Really, it is bizarre. He sent his book to me some of the bee mistresses felt that I would relate to it and they didn't know why. I was writing the The Beekeeper at the time and it was just one of those... talk about instinctive. The honeybee of course, was the symbol for the ancient feminine of sacred sexuality. As I started studying the American culture, I was seeing so much more clarity in sexuality. It's puritanical. Women haven't been encouraged to be the nurturing mother and the mistress all in one being. A sacred place. So I really wanted to go after this union.
A lot of people see you as a feminist icon, but have you ever considered yourself a feminist?
Depends on how you define feminist. Because there were some people within the feminist 'movement' that were not open to men. Not just equality for women, I thought feminism was equality for all. But I think some women actually started to preach a message that was very similar to what the patriarchy did. That made me kind of not not want to be overly associated with that ideology. I think that we cannot become what was done to us. We just can't. We have to be the ones to heal ourselves. We can't look to the men to heal us from division of the sexuality and the segregation of the ancient feminine from the big three. Christianity and Islam. Even in Asia, how women have been treated we have to find it within ourselves, resurrect within ourselves and bury the divisions within ourselves. If we're looking to the outside to do it, then we will never be whole.
You've done a lot of questioning, exploring and research into religion, but have you come to a conclusion about what exactly your beliefs are?
I believe that I'm a citizen of the earth and my first loyalty is to be a caretaker of this planet and her children more than I am a taker. My grandfather always said to me, 'you're either more of a taker or more of a caretaker.' But do we get that? And some of us don't want entitlement to be here. And that's why we're destroying what is left of the next generation. There's a balance in this, there's a balance of caretaking and taking.
You've mentioned before that you need to fight for your right to have monsters. But by this do you mean wholly and unconditionally accepting your dark side, or admitting that you have these monsters and consciously ridding yourself of them?
I don't think you rid yourself of any pieces of your mosaic, but I think you have to understand part of wisdom that all of us have murderous feelings within us. All of us have rage. It's how you direct it and it's how you are conscious with it, be aware of what you're doing and your hypocrisy and what your intentions really are.
Your spiritual and physical self working together so that all facets of your wheel - your emotional body, your physical body, your mental body and your spiritual body - are all communicating. Because we all have desires. To rid yourself of them is an odd thing for me. That you have to transmute, that's very different. A transmutation of something that you have and you get it to work for you. It's really important. I mean if you look at a garden, there are all kinds of things within the garden that make it exist. If you don't have serpents, then you will have rats that will destroy your garden. The serpent, yes can be a dangerous element, but it can also save your garden. That's why Jesus always said, 'you must be as wise as a serpent.' I believe that. We look at mother nature as our teacher, all kinds of devouring essences exist, but I really believe it's how you utilise parts of your being in your life.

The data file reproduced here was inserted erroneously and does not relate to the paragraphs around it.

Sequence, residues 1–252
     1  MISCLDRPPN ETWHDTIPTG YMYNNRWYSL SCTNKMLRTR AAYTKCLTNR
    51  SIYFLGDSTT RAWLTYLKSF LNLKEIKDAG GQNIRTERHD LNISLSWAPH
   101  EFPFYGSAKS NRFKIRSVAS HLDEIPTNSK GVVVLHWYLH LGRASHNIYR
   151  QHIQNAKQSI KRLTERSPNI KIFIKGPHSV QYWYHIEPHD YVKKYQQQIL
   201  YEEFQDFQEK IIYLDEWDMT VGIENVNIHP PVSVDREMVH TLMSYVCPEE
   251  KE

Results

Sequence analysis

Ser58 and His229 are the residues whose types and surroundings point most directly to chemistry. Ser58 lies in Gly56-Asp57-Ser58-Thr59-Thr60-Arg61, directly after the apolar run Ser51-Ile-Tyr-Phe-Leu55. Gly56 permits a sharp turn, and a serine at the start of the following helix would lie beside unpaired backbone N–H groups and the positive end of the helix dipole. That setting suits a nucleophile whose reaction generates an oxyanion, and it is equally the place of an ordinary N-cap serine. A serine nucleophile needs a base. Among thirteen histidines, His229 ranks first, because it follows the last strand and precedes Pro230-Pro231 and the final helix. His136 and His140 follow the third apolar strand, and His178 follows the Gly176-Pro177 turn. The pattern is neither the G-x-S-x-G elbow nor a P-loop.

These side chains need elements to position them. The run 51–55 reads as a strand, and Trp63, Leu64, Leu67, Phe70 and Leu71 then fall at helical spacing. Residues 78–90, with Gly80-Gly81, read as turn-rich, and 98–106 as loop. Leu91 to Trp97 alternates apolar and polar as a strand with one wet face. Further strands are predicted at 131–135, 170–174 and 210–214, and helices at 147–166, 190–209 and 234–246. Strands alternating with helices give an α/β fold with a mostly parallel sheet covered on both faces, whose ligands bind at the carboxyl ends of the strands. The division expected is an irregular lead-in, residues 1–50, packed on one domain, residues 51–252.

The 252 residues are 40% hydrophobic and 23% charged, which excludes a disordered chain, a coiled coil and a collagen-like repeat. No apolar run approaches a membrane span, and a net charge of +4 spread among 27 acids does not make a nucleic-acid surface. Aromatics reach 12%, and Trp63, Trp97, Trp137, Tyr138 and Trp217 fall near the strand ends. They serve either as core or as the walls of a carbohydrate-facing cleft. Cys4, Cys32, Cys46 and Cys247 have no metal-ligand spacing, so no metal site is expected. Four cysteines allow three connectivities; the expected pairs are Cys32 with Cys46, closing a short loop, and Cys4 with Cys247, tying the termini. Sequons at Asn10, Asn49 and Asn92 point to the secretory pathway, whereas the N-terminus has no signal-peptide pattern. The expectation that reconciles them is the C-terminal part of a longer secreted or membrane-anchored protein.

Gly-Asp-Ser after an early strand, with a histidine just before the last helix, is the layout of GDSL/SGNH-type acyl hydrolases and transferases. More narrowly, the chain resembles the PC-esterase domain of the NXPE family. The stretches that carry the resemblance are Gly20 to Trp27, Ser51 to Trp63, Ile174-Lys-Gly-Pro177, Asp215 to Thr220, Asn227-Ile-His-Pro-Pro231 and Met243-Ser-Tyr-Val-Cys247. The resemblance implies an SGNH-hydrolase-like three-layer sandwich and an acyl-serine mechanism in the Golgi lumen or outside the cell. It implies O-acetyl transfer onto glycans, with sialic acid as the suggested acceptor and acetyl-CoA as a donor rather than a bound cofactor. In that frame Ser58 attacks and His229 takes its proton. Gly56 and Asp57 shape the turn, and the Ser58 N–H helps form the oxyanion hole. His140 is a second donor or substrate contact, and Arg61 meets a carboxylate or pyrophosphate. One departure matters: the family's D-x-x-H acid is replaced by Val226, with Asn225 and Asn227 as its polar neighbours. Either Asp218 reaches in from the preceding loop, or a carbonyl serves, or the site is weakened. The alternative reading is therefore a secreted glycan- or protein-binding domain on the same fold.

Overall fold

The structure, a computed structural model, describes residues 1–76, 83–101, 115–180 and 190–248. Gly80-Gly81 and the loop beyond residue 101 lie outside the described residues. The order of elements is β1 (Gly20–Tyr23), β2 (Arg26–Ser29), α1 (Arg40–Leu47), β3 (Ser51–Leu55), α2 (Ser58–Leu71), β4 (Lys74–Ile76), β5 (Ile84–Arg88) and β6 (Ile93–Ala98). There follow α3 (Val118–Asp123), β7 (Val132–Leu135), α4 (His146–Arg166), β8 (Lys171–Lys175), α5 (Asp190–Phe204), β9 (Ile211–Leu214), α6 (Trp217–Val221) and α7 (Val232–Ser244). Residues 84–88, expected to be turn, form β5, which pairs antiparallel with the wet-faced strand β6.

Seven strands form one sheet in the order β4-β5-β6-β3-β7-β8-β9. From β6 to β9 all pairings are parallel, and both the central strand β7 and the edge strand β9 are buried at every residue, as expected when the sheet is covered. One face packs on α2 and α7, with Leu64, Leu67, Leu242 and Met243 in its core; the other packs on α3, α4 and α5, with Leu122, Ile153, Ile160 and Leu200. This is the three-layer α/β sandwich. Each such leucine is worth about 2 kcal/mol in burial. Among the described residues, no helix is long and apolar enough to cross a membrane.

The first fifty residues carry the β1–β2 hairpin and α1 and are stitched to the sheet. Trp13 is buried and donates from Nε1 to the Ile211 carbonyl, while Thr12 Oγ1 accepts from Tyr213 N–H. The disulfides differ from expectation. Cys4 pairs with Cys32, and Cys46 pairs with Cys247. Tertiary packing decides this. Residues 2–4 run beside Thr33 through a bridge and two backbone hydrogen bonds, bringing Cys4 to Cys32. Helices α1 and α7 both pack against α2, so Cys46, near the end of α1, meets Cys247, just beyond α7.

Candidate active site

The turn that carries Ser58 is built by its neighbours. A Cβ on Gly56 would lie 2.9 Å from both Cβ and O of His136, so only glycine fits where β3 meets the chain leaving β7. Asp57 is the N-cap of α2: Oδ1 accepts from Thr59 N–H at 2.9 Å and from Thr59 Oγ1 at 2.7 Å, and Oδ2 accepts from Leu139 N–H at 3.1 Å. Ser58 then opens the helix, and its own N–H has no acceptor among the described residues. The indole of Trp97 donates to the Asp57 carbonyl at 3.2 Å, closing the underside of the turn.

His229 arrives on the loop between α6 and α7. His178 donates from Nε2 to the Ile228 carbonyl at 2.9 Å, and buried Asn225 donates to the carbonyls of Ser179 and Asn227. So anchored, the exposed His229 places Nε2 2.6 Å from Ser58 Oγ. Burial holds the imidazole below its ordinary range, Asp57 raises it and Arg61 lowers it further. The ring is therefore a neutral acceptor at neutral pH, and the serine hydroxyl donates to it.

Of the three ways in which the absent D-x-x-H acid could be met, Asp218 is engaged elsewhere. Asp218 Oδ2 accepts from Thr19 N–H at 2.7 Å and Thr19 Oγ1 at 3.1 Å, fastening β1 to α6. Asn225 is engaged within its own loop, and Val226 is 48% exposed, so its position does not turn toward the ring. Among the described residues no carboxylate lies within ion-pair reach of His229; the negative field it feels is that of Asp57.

How exactly do you do that? How do you change what could be seen as a negative aspect of yourself into something productive?
You be honest with yourself and what you're up to. Fifteen minutes every day in your garden and say 'what do I really want?' And sometimes we're made to feel guilty about what we want. I spend a lot of time studying archetypes because on a basic level I agree with some of those great thinkers - Joseph Campbell, Carl Jung. These archetypes are within all of us to a different degree and if we're able to study these myths going through our culture, they're part of our bloodline, they're the roots to our tree. They're the secrets. You in your own being, Sarah, you carry different archetypes than I do. That's your uniqueness. And if you're able to just read about them, you will be drawn to certain ones. Artemis, Isis or Hathor.
Hathor and Sekhmet, they're very much a part of my performance self. Hathor is the musical Egyptian. But when Hathor is crossed, she is set moot which is the lioness. It's enraged a whole being. Now she is not necessarily a goddess that people love. She is able to take a stand against which she thinks is unfair, abusive. So, no, she's not the most popular. But I never have been and I've had to accept that.
I'm not necessarily warm and fuzzy and that's OK. I mean that Hathor side of me is but there's another side. And yet that other side is the reason that people come to the shows also because everybody I think wants to know what's lurking behind them. If you don't look at this, you will go mad. You will go completely mad because it's over your being and you find yourself saying things and doing things and you don't know why. Why am I such a bitch? At part of yourself that maybe your mum and dad don't want you to be or your friends, that's not their opinion of you. But you might somebody that's quite a recluse. And that side you have to nurture too.
Why haven't you been thanking the fairies lately in your liner notes?
They're there. They don't have to be thanked. They're part of the record now. It's like thanking myself. They walk everywhere that I go. But I don't see them as fairies, I see them as the spirit world. That would be like thanking the piano. But without it, it wouldn't exist. The spirit world is part of every note. I'm just a container, that's all I am.